How to Manage Pests

UC Pest Management Guidelines

Tomato

Fusarium Wilt

Pathogen: Fusarium oxysporum f. sp. lycopersici

(Reviewed 12/13, updated 12/13)

In this Guideline:


Symptoms

The Fusarium wilt fungus infects plants through the rootlets, invading the xylem and eventually extending throughout the plant. Individual branches and associated leaves on plants infected with Fusarium become yellow and wilt. Sometimes only one branch or one side of the plant is affected, creating a yellow flag effect. Infected plants usually die. A dark brown vascular discoloration extends far up the stem. Symptoms often first appear during fruit sizing.

Comments on the Disease

Symptoms of Fusarium and Verticillium wilts are similar and may require culturing the fungus in a laboratory for positive identification. Fusarium wilt can greatly reduce yields in fields with a high incidence of Fusarium. The fungus overwinters and survives for many years in the soil as spores and on the outer surface of other plants, such as weeds and other crops, without causing them harm. Long distance spread is by seed, transplants, and soil on farm machinery. The disease is favored by warm weather.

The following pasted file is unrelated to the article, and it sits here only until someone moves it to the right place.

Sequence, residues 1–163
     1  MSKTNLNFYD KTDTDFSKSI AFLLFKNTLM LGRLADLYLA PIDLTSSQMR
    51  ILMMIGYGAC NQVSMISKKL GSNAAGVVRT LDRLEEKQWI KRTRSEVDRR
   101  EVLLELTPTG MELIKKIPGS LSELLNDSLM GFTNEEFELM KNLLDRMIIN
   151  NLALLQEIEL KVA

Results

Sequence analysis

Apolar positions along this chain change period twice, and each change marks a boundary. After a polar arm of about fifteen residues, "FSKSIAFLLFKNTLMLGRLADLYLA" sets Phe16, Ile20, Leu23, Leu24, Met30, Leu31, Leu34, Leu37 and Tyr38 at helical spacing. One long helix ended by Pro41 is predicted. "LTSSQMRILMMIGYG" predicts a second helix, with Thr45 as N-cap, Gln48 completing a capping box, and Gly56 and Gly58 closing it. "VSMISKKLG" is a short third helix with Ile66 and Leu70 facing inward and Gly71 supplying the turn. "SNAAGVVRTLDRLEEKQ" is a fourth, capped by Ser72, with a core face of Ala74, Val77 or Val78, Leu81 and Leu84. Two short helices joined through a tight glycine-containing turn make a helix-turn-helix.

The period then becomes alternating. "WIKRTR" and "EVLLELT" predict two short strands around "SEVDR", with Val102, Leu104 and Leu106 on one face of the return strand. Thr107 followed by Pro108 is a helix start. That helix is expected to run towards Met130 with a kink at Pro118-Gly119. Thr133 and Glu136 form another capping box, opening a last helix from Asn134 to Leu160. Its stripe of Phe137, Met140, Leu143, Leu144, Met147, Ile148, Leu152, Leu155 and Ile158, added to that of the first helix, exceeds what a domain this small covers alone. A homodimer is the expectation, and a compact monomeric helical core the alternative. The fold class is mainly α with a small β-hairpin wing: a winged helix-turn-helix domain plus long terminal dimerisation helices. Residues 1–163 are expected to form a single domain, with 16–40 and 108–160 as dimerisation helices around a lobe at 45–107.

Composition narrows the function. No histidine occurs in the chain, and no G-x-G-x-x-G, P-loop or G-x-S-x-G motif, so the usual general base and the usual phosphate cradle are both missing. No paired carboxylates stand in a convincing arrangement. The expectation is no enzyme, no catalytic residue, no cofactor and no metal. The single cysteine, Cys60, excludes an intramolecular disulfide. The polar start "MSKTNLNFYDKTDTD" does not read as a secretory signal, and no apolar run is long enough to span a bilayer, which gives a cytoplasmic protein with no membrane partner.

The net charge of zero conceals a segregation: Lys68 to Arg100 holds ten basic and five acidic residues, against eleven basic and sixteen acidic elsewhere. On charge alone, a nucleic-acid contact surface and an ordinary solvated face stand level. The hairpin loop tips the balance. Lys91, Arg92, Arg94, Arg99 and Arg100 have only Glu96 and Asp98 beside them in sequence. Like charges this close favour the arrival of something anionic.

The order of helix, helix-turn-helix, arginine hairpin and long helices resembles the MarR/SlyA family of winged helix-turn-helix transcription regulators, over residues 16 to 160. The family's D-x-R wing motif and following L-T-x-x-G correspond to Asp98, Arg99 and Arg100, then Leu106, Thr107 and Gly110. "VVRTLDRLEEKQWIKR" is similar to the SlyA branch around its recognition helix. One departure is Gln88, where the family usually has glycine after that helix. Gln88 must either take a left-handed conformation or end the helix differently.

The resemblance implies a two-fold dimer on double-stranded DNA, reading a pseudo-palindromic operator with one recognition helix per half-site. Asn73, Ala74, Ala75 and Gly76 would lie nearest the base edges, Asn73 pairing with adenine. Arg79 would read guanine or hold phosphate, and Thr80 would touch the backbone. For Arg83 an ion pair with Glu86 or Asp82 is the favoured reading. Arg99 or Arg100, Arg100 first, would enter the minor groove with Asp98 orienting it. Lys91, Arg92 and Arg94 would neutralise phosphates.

The fungus only infects tomato but exists as three races. Race 1 is widespread; Race 2 is common in the Sacramento Valley and in the northern San Joaquin Valley; and Race 3 is in the Sacramento Valley and spreading into the San Joaquin Valley.

Management

Use resistant tomato varieties. Resistant varieties are common for Race 1, and many are also resistant to Race 2. A few varieties are resistant to all three races. Limit the spread of infested soil by cleaning farm equipment. Avoid root knot nematode infestations because nematode feeding can overcome the plant resistance to Fusarium wilt. Rotation out of tomatoes for several years reduces inoculum level, although Fusarium is long-lived.

PUBLICATION

[UC Peer Reviewed]

UC IPM Pest Management Guidelines: Tomato
UC ANR Publication 3470

Diseases

R. M. Davis, Plant Pathology, UC Davis
G. Miyao, UC Cooperative Extension, Solano and Yolo counties
K. V. Subbarao, USDA Agricultural Research Station, Salinas, CA
J. J. Stapleton, UC IPM Program and Kearney Agricultural Center, Parlier
B. J. Aegerter, UC Cooperative Extension, San Joaquin County (powdery mildew on field-grown tomatoes)
Acknowledgments for contributions to Diseases:
B. W. Falk, Plant Pathology, UC Davis

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